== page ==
Where mercury comes from
Mercury is produced primarily through industrial pollution, volcanic activity, and rivers, streams, and oceans. Algae consumes a lot of mercury present in seawater; then fish eat that algae and mercury accumulates in their body. Generally, the larger and older the fish, the higher the mercury content. The issue is that fish is also a rich source of Omega-3 fatty acids.
The fish dilemma
Fish is rich in Omega-3’s
Omega-3 fatty acids are essential nutrients for developing babies. American research found that babies (12 months old) with high levels of DHA performed better in visual, memory, and mental tests. Omega-3’s are important for pregnant mothers and fetal development (as DHA levels rise during pregnancy). Fish supplementation during pregnancy also resulted in higher mental scores (at age 3), sleep efficiency, and reduced learning/behavioral difficulties.
Fish can also contain high levels of mercury
Fish is a rich nutrient source but can also contain harmful amounts of mercury. High doses of mercury can harm the nervous system and impair cognition, memory, and attention. Researchers found that children with high concentrations of mercury performed below average in cognitive, memory, and verbal tests.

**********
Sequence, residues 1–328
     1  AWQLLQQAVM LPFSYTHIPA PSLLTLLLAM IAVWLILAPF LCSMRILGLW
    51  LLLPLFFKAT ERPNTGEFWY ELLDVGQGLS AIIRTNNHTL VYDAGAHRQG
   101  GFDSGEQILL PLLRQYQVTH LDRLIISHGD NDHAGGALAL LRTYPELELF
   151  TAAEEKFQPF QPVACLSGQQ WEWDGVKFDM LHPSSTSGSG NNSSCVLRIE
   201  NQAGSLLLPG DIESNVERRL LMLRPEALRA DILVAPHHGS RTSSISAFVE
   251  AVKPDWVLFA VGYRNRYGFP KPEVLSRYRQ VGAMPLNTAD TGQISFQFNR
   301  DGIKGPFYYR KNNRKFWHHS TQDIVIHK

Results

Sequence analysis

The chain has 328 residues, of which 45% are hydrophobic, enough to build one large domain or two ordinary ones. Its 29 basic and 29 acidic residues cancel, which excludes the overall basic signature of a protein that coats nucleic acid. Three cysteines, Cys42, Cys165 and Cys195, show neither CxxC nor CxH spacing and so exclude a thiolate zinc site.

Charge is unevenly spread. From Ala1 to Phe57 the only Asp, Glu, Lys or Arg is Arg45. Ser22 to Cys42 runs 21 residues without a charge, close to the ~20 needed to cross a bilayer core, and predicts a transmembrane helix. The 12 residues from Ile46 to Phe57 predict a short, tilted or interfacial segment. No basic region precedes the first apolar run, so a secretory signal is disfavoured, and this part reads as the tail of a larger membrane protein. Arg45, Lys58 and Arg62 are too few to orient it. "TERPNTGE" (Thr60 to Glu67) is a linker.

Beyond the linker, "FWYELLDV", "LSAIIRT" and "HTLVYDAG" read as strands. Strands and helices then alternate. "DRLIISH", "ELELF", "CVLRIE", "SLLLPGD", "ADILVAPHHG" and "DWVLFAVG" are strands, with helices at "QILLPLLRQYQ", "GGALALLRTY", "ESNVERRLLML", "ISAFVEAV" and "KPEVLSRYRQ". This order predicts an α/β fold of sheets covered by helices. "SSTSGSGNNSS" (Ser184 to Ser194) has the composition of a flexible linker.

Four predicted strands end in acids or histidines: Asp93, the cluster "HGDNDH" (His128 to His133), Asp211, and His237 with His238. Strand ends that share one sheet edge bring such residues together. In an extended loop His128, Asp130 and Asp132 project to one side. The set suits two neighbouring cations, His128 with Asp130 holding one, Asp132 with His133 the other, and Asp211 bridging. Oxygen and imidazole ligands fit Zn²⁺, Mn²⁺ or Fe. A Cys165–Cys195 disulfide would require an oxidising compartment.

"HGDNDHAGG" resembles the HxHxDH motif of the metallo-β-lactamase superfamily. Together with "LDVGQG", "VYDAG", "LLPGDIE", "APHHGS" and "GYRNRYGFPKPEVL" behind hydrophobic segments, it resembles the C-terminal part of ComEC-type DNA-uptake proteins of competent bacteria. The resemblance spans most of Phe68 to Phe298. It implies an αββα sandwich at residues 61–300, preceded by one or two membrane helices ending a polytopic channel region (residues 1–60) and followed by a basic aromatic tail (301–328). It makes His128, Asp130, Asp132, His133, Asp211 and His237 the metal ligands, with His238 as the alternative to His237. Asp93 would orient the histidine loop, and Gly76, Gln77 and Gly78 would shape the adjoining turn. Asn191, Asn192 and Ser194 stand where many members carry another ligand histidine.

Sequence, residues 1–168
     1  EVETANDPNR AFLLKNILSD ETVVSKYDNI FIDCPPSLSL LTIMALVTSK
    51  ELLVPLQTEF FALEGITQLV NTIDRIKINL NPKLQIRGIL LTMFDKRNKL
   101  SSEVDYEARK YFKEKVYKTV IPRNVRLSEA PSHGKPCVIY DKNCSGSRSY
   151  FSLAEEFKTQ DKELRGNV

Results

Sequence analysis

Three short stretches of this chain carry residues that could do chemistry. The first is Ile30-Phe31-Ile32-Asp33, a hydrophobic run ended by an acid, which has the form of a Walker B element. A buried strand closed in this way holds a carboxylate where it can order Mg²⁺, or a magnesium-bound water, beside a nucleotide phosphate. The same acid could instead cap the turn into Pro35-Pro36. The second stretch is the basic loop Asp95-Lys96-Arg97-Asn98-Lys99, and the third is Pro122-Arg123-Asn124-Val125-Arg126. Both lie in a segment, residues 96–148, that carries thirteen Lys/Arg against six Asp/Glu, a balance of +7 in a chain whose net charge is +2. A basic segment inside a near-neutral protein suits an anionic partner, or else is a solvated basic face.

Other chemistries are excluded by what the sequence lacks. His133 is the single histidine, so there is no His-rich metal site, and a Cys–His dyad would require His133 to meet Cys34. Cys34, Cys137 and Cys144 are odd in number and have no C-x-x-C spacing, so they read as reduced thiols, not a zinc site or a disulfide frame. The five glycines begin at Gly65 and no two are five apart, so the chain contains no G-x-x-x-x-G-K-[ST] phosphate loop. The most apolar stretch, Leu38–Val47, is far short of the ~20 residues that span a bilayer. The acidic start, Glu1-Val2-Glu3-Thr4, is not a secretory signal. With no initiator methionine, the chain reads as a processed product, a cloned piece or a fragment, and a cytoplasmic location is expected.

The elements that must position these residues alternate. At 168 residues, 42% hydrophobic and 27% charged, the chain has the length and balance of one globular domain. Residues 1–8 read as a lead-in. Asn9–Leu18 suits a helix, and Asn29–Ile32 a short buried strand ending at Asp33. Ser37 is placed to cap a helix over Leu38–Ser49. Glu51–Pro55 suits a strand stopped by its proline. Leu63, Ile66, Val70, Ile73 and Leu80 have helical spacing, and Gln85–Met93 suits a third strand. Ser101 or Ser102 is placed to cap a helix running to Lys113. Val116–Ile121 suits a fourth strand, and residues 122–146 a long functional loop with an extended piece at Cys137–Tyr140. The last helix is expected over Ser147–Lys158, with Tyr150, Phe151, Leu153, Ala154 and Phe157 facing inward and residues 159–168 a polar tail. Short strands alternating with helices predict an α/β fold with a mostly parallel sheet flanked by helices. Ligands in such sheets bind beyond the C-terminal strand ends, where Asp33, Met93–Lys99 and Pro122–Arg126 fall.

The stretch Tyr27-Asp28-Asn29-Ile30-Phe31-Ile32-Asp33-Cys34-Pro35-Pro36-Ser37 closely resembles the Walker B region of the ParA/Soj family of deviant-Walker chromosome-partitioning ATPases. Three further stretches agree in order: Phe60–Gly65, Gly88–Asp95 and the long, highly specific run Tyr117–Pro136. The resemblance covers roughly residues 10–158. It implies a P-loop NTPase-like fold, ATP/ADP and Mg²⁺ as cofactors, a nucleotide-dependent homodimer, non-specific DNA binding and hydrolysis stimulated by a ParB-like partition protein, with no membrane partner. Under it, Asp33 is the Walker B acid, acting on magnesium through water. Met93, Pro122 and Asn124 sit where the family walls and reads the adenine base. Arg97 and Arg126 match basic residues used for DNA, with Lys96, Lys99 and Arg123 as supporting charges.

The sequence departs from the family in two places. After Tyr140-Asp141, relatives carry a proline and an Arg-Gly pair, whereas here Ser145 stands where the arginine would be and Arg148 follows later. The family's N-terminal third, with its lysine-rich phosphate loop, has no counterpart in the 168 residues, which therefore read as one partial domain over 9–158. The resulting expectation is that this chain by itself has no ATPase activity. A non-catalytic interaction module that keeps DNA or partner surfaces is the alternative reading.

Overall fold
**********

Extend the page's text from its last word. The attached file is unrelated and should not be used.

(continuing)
Maintaining a balanced diet
How much fish is too much?
In this case, the type of fish (including shellfish) matters more than the absolute amount. Compare salmon and bluefin tuna, for example. Both are rich sources of Omega-3’s but have drastically different mercury content. Salmon contains 0.01 – 0.08 ppm of mercury while bluefin tuna can contain anywhere from 0.06 – 3.03 ppm!
How much mercury is too much?
According to the Environmental Protection Agency: avoid fish that contains more than 0.5ppm or 5 micrograms per gram of mercury. For children, keep mercury consumption under 0.1 micrograms per kilo of bodyweight per day. These recommendations include a tenfold safety margin (don’t worry!)
Don’t be afraid to cook your children fish! Just make sure you’re sticking to the FDA’s recommended 2 – 3 servings a week while avoiding fish high in mercury.
Refer to guidelines below for fish with low mercury content